Source: A Humble Little Hall: the Prospect School of Arts by Les Tod

The Prospect School of Arts organisation was founded in July 1900, its Rules and By-laws stating “the object of the institution shall be the intellectual and social improvement of its members by the cultivation of literature, science and art.” This was to be accomplished by “the maintenance of a Library and Reading Room, the delivery of Lectures, the foundation of Classes, the encouragement of Societies for mutual improvement and intellectual recreation, the holding of Industrial and Fine Art Exhibitions, and by such other means as the Committee of Management may from time to time deem advisable provided that no subject of a religious or sectarian character shall be introduced for discussion or debate”.

Even though in Prospect the organisation was established in 1900, in those early years it did not have a home of its own and used what premises were available.

The Cumberland Argus and Fruitgrowers Advocate reported in February, 1901 that “a large and merry gathering in Prospect School of Arts was presided over by Mr R H Lalor, celebrated a pound night in the School of Arts on Saturday. Three pounds was raised towards the piano fund.”

A few months later, another report stated “This institute continues to flourish. On Saturday an admirable series of lantern pictures was exhibited. Mr W Giles’ Concert Company is to give an entertainment for which a first class programme has been arranged.”

On 8 September 1908, a special general meeting was held in Watt’s Hall, to accept the offer of Mr George Henry Watts of land for the School of Arts. This site was opposite the post office on the Old Western Road.

The “father” of the Prospect School of Arts was said to be Mr A F Jacob, who resided at Veteran Hall at Prospect. In 1908 he wrote to the authorities in support of the proposal.

The new School of Arts building was opened on 18 November, 1908.

It is interesting to note that to celebrate the opening of the School of Arts, the festivities had to be held in Watt’s Hall and not in the School of Arts itself. At that stage, as the article says, the building comprised only two rooms and it was hoped to add a hall later. The library comprised 234 volumes, in addition to a number of short volumes and penny poets.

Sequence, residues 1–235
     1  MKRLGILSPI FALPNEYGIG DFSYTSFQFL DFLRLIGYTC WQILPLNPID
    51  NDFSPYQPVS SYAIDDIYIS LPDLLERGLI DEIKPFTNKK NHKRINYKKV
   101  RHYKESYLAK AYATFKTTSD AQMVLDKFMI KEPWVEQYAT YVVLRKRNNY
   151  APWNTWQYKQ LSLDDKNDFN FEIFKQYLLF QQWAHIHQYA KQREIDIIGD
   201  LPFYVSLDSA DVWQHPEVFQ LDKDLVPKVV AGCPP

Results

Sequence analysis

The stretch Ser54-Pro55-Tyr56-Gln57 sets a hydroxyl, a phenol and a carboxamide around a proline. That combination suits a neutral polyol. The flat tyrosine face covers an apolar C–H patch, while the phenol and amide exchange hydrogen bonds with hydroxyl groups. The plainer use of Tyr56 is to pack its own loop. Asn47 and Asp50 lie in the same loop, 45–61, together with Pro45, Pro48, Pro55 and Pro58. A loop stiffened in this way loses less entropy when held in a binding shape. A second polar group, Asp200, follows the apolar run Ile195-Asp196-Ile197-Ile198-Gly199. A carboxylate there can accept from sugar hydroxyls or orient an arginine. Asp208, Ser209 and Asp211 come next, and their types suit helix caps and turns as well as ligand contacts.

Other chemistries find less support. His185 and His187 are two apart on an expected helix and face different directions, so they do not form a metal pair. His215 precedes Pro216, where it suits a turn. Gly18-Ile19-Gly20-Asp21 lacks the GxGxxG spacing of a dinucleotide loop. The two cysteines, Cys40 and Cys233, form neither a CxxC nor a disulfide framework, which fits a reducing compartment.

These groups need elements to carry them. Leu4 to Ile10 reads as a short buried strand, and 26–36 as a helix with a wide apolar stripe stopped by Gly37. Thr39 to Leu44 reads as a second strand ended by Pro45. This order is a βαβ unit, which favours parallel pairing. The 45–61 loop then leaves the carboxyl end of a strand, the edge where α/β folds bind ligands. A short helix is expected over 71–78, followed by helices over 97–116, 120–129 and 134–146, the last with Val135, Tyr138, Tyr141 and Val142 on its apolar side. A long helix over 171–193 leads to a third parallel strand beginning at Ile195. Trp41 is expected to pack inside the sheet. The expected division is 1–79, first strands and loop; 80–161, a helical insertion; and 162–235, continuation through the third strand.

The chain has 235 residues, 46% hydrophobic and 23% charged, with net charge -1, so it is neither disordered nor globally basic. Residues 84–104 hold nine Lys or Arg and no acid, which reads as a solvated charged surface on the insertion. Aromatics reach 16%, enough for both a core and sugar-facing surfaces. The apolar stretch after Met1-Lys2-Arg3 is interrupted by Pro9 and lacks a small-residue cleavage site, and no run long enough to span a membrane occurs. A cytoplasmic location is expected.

In 1912 the extensions were duly completed, and a Grand Reopening Social was held on Saturday, June 22, 1912, in aid of the Enlargement Fund.

In 1916 it was announced that the institution was prospering, and a further parcel of £5 worth of books had been added to the library, with good support for the recreation room “although perhaps not as well as it should be…” In those times, library facilities were not provided by the local council – and would not be for many decades to come, so a library was seen as a place of both recreation and education for adults.

In 1917 a Welcome Home was held for Private W Cameron, recently returned from Gallipoli. In 1918 the School of Arts was again filled for a Welcome Home, this time for Private Hunt. Another Welcome Home was held on 20 September, 1919 for four returned soldiers, Trooper Gardiner, Private Strang, Sergeant Tonkin and Lance Corporal Abraham.

The extensive use of the School of Arts continued, with euchre, cabaret, dancing, balls, first aid classes, linen teas, a debating society, revues, shower teas, and use as a polling place. The little hall had become the community centre of Prospect, and a very busy one at that.

By 1923 even the additions were proving too small, and it was decided to build a second, larger hall immediately adjacent to the original. Once again George Henry Watts donated the extra portion of land, and this was transferred to the trustees – Albert Francis, Jacob George, Henry Watts, George Henry Watts and Joseph Hicks on 1 February, 1923.

The new School of Arts hall opened on 2 June, 1923 and was licensed as a public hall on 13 August, 1923. It was a much larger building, with an office and cloak room at the front and a large stage and dressing area at the rear. The old building continued to be used as a reading and supper room.

May 1924 saw the first in a series of variety dances conducted by Messrs Barber, Sanderson and Brown, of the Sunshine Music Parlour in Parramatta.

In October 1924 a bazaar was held in the hall to raise money to reduce the debit attached to the building.

Extensions to the hall were opened on Saturday 19 June, 1937.

Mr Cornell opened his Prospect Theatre on 18 January, 1950 with the film Blue Skies, starring Fred Astaire and Bing Crosby. Seating capacity was 250.

In 1953 Cornell sold his picture show rights at the hall to Mr A V Thompson, who continued to show films until 7 June, 1958.

With people’s social and recreational activities also changing, and without the picture show’s weekly revenue, the Prospect School of Arts entered its final years – ones of neglect and decline. The aspirations of its founders in 1900 had long been forgotten. Blacktown Municipal Council now had a library and TAFE colleges and high schools were springing up throughout the district, making the objectives of Schools of Arts no longer necessary and an anachronism. Licensed clubs were providing entertainment and recreation, and television had closed many theatres since its introduction. People’s leisure habits were changing, and the availability of motor cars had made travel and other forms of recreation available to everyone. Small village halls like the School of Arts at Prospect were quickly becoming relics of the past.

In 1964 the hall was de-licensed, meaning it could not be used for any public purpose. Abandoned and forgotten by the community it was built to serve, condemned as being unsightly and unsafe, the School of Arts now sat quietly awaiting its fate. Both the halls of 1908 and 1923 were destroyed by fire on 10 August, 1968.